"We recently had an expert group meeting with scientists from around the world this included researchers, it included regulatory experts from different regulatory agencies, there was consensus that the data around the need for boosters is not conclusive," WHO Chief Scientist Dr. Soumya Swaminathan said at a media briefing Wednesday, Aug. 25.
"We also don't know about the safety of boosters. When we talk about vaccines, it's not just the efficacy. What happens when you give a third dose of an mRNA vaccine or any other kind of vaccine? These need to be studied as well, so before we launch into full-scale booster programs for the whole population there are a number of questions that need to be answered." (Related: Braveheart actor Michael Mitchell dies six days after getting third Pfizer "booster" shot for covid.)
But President Joe Biden didn't budge. Instead, he suggested on Friday, Aug. 27, that the government could offer COVID-19 vaccine boosters to most vaccinated adults sooner than eight months after a second dose.
Just nine days earlier, the president announced that his administration would begin offering boosters the week of Sept. 20 to adults who had received their second dose of COVID-19 vaccines at least eight months ago.
Both the Centers for Disease Control and Prevention (CDC) and the Food and Drug Administration (FDA) said earlier this year that boosters would not be recommended for the virus. With the COVID-19 vaccines appearing to fail against COVID-19 variants, it remains unclear what benefits an additional dose would provide.
More and more experts around the world are opposing the rollout of boosters. They are now recommending that the virus be allowed to circulate throughout the population, with precautions taken for vulnerable individuals.
"We really cannot do anything else but allow the virus to take its course in order for the population to achieve herd immunity," said Porolfur Gudnason, chief epidemiologist of Iceland's Directorate of Health. "We need to try to vaccinate and better protect those who are vulnerable, but let us tolerate the infection. It is not a priority now to vaccinate everyone with the third dose."
Andrew Pollard, director of the Oxford Vaccine Group, told a parliamentary panel earlier this month that we don't have anything to stop COVID-19 transmissions. "I think we are in a situation where herd immunity is not a possibility and I suspect the virus will throw up a new variant that is even better at infecting vaccinated individuals," he said.
Infectious disease expert Paul Hunter told the same panel that vaccination would not bring about herd immunity.
"We need to start moving away from just reporting infections or just reporting positive cases admitted to hospital, to actually start reporting the number of people who are ill because of COVID," said Hunter, who also advises the WHO on the virus. "Otherwise we are going to be frightening ourselves with very high numbers that actually don't translate into disease burden."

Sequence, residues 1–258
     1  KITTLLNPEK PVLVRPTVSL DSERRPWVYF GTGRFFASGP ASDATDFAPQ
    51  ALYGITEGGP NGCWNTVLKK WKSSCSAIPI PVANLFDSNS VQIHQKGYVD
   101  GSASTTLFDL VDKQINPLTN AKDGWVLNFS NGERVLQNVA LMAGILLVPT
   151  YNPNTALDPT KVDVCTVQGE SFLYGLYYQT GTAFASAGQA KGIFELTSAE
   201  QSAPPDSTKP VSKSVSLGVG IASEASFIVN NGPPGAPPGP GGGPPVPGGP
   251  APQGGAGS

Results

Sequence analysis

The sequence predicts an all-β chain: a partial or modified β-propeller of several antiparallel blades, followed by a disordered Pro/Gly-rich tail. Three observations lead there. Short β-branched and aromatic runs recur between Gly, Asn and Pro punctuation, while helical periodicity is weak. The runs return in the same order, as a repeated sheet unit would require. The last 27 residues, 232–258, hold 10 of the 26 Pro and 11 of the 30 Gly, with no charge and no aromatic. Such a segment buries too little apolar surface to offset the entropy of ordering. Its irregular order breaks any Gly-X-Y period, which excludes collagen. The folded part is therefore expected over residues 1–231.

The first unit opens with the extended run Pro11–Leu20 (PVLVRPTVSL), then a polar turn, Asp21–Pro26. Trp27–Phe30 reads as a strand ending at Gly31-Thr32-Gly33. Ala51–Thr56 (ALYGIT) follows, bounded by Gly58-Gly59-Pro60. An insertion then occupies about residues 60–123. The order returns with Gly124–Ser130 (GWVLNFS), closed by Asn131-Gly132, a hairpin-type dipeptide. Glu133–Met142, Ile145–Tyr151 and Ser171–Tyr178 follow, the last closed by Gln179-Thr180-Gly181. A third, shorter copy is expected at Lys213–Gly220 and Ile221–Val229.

Some are asking whether catching COVID-19 now is better than more vaccines. It has become a serious question that has implications for whether children should ever be vaccinated, and whether we use the virus or booster shots to top up immunity in adults. (Related: COVID-19 natural immunity vs vaccine-induced immunity guide.)
"There are clearly sources of information to suggest that once we start vaccination and we get more than 25 percent of the population vaccinated, we will allow one of the variants that's in the background to emerge because it's resistant to the vaccine," board-certified internist and cardiologist, Dr. Peter McCullough, said in a podcast earlier this month.
"Just like an antibiotic, once we get to a certain percentage of coverage with an antibiotic, we'll allow resistant bacteria to move forward."
Dr. Robert Malone, inventor of mRNA and DNA vaccines, recently tweeted: "I am reminded of the first rule of holes. When you are in one, stop digging." He described booster shot strategies as "based on hope rather than data."
Humans generally get a broader immune response after being infected with the virus than vaccination. "That means if you had a real humdinger of an infection, you may have better immunity to any new variants that pop up as you have immunity to more than just spike [protein]," said Riley.
It's easy to see why Big Pharma companies are pushing hard to get the green light for their boosters. Every extra dose means more money for them.
Adding booster doses to the equation would push the projected global spending on COVID-19 vaccines to a total of $157 billion through 2025, according to U.S. health data firm IQVIA Holdings. Pfizer has forecast sales of $26 billion from the vaccine in 2021 alone.
It could be a lot more as the projections were based on expectations that the booster doses would follow every two years following initial vaccinations.
IQVIA, which provides data and analytics for the healthcare industry, said it expects the first wave of COVID-19 vaccinations to reach about 70 percent of the world's population by the end of 2022.
Murray Aitken, a senior vice president at IQVIA, said that vaccine spending is expected to be highest this year at $54 billion with a global vaccination campaign underway. It is expected to decrease in succeeding years as tighter competition and vaccine volumes drive down prices.
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